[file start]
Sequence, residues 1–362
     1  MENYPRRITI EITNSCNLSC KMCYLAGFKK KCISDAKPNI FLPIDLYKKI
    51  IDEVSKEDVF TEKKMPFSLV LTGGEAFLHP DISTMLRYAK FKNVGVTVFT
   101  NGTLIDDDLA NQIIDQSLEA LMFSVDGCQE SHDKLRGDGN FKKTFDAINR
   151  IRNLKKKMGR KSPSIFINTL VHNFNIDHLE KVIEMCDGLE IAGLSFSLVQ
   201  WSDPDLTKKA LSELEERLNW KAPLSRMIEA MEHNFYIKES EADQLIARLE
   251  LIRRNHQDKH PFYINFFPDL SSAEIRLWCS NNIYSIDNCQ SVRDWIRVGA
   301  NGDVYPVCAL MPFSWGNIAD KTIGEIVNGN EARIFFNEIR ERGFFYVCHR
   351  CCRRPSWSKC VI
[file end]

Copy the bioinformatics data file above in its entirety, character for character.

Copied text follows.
Sequence, residues 1–362
     1  MENYPRRITI EITNSCNLSC KMCYLAGFKK KCISDAKPNI FLPIDLYKKI
    51  IDEVSKEDVF TEKKMPFSLV LTGGEAFLHP DISTMLRYAK FKNVGVTVFT
   101  NGTLIDDDLA NQIIDQSLEA LMFSVDGCQE SHDKLRGDGN FKKTFDAINR
   151  IRNLKKKMGR KSPSIFINTL VHNFNIDHLE KVIEMCDGLE IAGLSFSLVQ
   201  WSDPDLTKKA LSELEERLNW KAPLSRMIEA MEHNFYIKES EADQLIARLE
   251  LIRRNHQDKH PFYINFFPDL SSAEIRLWCS NNIYSIDNCQ SVRDWIRVGA
   301  NGDVYPVCAL MPFSWGNIAD KTIGEIVNGN EARIFFNEIR ERGFFYVCHR
   351  CCRRPSWSKC VI